Odor removal is arguably one of the trickiest elements of the restoration process. Most damage is visible to the eye, and when it’s properly remediated, there is no argument the job is done. Odors, however, are very psychological in nature. As humans, we often associate smells with memories. That means before someone even enters their grandparents’ home, they may have the sweet smell of pipe tobacco embedded in their memory, and the moment they step into that home, they smell pipe tobacco, whether the smell is there or not.
In a recent R&R article, Annissa Coy wrote about the Psychology of Odors and why odor remediation can be such a difficult task. One of the key components of successful odor removal is to earn the trust of your client from the start, and learn about them. Recently, I’ve asked several restorers what they believe potential customers are looking for from a restoration company when the team initially arrives on site. Each of them has had similar answers: they want someone who will listen to what they have to say, and evidence quickly that the team is well-qualified and will work quickly to restore their home to pre-loss condition.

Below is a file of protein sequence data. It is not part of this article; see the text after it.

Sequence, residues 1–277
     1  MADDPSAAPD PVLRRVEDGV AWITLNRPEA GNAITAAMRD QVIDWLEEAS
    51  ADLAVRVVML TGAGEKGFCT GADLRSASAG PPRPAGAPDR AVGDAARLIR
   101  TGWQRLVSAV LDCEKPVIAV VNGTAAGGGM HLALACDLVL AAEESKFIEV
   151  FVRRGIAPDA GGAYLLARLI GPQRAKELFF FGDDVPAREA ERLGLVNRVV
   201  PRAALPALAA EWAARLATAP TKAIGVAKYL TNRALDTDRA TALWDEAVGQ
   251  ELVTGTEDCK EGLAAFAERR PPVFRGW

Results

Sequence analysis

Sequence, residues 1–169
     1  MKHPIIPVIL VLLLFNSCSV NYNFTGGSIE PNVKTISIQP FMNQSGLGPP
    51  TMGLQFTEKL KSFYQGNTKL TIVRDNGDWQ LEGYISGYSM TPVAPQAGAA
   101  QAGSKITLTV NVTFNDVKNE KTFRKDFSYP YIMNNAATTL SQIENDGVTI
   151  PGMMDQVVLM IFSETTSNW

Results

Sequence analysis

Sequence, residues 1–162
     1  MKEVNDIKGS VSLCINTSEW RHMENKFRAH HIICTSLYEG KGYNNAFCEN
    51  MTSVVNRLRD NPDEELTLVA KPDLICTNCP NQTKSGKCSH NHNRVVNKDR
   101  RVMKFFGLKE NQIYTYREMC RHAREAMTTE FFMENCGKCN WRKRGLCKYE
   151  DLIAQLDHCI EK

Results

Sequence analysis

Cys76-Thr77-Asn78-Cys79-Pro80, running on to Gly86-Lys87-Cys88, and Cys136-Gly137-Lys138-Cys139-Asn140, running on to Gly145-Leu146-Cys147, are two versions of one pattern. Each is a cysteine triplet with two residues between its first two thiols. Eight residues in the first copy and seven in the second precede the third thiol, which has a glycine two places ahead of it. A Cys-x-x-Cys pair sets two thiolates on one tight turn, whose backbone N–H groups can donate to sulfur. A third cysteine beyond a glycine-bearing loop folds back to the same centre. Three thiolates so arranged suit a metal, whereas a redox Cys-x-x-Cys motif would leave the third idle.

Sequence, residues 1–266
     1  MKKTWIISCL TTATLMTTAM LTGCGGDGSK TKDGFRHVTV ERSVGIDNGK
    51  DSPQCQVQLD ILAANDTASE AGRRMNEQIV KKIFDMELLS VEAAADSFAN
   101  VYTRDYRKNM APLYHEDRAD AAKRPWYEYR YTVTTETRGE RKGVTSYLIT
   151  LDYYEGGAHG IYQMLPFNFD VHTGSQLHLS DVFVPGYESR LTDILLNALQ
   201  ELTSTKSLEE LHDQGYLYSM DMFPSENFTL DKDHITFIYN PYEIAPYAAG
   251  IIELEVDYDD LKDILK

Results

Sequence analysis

Remember, communication is key in any restoration job, whether odor is involved or not.
Do minimize the influence of psychological odors, there are a few things you can do:
- Ask them questions about the loss – and use that to help determine what odors they likely consider bad odors. Remember, odor is subjective. What might smell wonderful for some people might smell terrible to another. House fire victims may have at one point loved the smell of a bonfire, but may find that same smell nauseating after the loss.
- Minimize exposure – start the odor removal process right away, and keep the owners out of the home as much as possible to help keep that smell from becoming embedded in their brain when they look at their living room.
- Be kind – this can be hard when they smell something you don’t. But you need to trust them, and do what you can to eliminate even “phantom” odors.
Remember, communication is key in any restoration job, whether odor is involved or not. The more you communicate with the customer from the beginning about the restoration process, including what you do to thoroughly remove odors, the more they will trust that the job is getting done right from the very start.